Dead chick- What caused it? Warning- Dead Pic

Discussion in 'Raising Baby Chicks' started by margali, Mar 17, 2012.

  1. margali

    margali Out Of The Brooder

    Nov 13, 2011
    - Got them Thursday evening at Farm & Home. I was told they arrived that day from Crackle.
    - Brooder crate with pine shaving, 18% Nutrena starter crumbles, water with a bit of Poultry electrolytes. Brooder lamp giving 95oF, set up in heated garage.

    They were all running around last night around 8pm when I went to bed. Cream was one of the most active ones. When I got up and checked them this morning the temp was 85oF in the brooder. They were not directly under the light or in a tight huddle. Cream was on the edge of the group farthest from the brooder light.

    All the other chicks woke up and started running around when I checked on them. Cream just laid on her stomach and stayed there. Her crop was still huge and she had fresh (still wet) poo under her vent. The vent itself wasn't dirty. She wouldn't take water or stand up. I put her under the hottest light in case she was cold. The other chicks' crops were small and had no poo on their buts. I had to do other chores and checked on her ~10 minutes later and she was dead. Laying on her side and in rigor.[​IMG]

    Was this pasty but or something else? Did she eat to much and damage something? Should I switch out the electrolyte water for plain?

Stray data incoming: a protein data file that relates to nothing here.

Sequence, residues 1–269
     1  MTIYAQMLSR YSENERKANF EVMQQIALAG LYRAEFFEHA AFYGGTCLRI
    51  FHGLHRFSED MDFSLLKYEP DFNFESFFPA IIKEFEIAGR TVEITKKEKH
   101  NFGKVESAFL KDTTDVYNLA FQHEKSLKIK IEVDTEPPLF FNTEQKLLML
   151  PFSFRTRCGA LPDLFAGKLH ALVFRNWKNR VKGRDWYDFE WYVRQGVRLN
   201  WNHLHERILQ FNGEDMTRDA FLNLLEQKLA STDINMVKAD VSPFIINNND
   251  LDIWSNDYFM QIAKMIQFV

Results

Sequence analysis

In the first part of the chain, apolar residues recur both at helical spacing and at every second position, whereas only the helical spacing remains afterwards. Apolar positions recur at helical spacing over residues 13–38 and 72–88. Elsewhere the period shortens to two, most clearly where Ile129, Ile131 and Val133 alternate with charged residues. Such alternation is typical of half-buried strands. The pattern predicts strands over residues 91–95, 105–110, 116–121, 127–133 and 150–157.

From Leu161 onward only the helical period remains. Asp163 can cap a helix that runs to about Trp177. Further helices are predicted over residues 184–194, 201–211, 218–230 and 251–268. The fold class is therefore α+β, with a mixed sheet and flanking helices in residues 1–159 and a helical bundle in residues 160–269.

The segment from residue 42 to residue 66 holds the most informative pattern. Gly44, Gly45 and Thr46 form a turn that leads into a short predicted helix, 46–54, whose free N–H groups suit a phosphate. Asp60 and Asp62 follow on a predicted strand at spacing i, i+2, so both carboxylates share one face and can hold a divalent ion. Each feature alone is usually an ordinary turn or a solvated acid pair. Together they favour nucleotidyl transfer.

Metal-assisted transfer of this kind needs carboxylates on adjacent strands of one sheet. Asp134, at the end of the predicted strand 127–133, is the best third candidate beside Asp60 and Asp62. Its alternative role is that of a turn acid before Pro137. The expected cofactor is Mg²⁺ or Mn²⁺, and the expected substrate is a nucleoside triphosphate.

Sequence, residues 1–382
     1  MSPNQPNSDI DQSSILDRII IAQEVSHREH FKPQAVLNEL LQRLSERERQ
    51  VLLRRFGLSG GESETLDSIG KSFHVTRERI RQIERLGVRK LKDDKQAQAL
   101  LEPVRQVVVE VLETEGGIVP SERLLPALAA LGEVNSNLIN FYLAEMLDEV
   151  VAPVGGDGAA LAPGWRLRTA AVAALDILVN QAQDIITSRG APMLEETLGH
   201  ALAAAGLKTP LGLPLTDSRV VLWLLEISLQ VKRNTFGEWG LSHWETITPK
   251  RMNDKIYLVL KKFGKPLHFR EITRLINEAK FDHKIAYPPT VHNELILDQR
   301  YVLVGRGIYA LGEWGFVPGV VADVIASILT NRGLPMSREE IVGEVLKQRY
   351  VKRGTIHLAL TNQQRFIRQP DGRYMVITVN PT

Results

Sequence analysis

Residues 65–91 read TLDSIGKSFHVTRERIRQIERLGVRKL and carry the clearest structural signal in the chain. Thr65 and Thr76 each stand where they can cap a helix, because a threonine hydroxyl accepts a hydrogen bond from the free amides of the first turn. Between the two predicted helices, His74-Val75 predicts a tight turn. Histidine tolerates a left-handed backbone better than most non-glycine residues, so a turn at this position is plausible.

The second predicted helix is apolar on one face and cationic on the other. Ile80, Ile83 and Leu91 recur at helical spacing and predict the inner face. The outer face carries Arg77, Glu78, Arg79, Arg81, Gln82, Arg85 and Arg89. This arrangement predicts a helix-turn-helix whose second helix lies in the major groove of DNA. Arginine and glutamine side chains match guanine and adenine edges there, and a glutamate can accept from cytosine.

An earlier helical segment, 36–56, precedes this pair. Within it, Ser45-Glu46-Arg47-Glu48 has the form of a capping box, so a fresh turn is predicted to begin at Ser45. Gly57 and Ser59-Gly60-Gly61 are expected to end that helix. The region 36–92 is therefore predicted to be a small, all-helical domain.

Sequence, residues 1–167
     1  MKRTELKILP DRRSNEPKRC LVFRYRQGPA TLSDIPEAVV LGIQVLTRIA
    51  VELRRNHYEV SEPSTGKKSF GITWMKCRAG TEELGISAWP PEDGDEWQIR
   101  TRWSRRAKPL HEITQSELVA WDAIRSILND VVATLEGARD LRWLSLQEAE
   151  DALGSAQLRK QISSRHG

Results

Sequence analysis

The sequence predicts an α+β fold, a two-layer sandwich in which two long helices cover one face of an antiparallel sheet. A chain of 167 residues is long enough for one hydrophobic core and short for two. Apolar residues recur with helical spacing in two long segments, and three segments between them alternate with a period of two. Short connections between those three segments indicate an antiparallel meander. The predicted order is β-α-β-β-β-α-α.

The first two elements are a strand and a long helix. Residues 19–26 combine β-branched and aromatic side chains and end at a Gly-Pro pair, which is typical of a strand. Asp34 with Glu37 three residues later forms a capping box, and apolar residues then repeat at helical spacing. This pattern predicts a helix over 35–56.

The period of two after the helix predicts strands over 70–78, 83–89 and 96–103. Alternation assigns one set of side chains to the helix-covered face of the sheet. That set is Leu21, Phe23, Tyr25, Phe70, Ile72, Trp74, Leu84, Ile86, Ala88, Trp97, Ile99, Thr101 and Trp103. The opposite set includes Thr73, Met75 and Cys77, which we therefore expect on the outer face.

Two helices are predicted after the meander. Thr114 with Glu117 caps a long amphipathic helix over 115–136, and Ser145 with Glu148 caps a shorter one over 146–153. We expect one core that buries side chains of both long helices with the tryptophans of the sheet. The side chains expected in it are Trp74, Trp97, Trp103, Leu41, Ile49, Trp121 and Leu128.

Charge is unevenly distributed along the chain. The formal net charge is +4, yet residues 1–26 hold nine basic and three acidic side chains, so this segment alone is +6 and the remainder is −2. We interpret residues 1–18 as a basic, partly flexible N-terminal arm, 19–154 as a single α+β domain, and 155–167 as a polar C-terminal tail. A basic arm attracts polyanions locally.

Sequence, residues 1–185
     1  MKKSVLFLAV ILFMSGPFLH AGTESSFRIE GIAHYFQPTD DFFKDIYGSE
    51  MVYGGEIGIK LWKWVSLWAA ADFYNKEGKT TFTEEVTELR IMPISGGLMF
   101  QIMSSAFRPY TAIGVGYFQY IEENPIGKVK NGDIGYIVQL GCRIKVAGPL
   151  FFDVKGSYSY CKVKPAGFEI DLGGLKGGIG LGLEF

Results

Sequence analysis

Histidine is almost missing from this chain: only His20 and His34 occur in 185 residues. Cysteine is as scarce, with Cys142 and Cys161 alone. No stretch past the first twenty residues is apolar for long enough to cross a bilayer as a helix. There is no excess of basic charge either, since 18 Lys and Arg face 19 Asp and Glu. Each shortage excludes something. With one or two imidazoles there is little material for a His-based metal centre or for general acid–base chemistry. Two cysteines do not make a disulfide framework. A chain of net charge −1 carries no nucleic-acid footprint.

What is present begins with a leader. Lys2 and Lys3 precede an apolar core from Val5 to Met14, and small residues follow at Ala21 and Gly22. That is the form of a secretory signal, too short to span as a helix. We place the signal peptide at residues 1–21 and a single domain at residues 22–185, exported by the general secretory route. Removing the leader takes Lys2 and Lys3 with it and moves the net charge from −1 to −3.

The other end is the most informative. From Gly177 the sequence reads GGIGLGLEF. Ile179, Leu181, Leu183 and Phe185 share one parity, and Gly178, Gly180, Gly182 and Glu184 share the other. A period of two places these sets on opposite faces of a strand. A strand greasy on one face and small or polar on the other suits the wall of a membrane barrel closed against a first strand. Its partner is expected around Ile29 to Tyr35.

2. she might have been weak from the shipping and got trampled
  3. BlazeJester

    BlazeJester Chillin' With My Peeps

    Aug 2, 2011
    Midway, GA
    I had several chicks from a breeder that would suddenly just become lethargic and die with neurological symptoms in a position similar to yours. I know it wasn't disease because of their age; one had seizures, the others just quit.

    I found a really useful website (which I have linked on my OTHER computer, of course) that describes mutations/system failure in very young chicks due to nutritional deficiencies in the parents. Unfortunately it's quite possible that if a breeding stock is fed an inexpensive feed to reduce costs, it may not contain all the vital nutrients in required quantities to produce healthy chicks.

    Sometimes genetic mutations or recessive genes occur, too, that just make a chick unthrifty. So many possibilities with teeny chicks [​IMG]

    Lastly, the chick may have eaten a pine shaving flake and its crop may have become blocked. I put my TSC chicks straight onto shavings last week and they've been fine, but you never know. Was she a bantam or standard size?
  4. margali

    margali Out Of The Brooder

    Nov 13, 2011
    She was a standard size buff orphington. All of the chicks I got are standard size. All the other ones are doing okay still. I'm going to guess since she went from lively to dead overnight and her crop was huge she ate a shaving.
  5. onedoodle3

    onedoodle3 Chillin' With My Peeps

    One of my Buff Orpingtons did the same thing. She was a week old when I got her and 2 days later, she died. She was fine when I checked on them before heading to bed that night, got up the next morning and she was really lethargic..wouldn't eat or drink, put her under the heat lamp in case she was cold, held her for a little bit. Left and took my daughter to the bus stop. I got back home and immediately went & checked on her. I picked her up and petted her and talked to her and she died in my hand. I never thought I'd cry over a chicken. But I did. I took her out in the back yard and buried her. I have 2 Buff Orpingtons & 3 red left. Thinking about going back and getting some bantams if they get some in.

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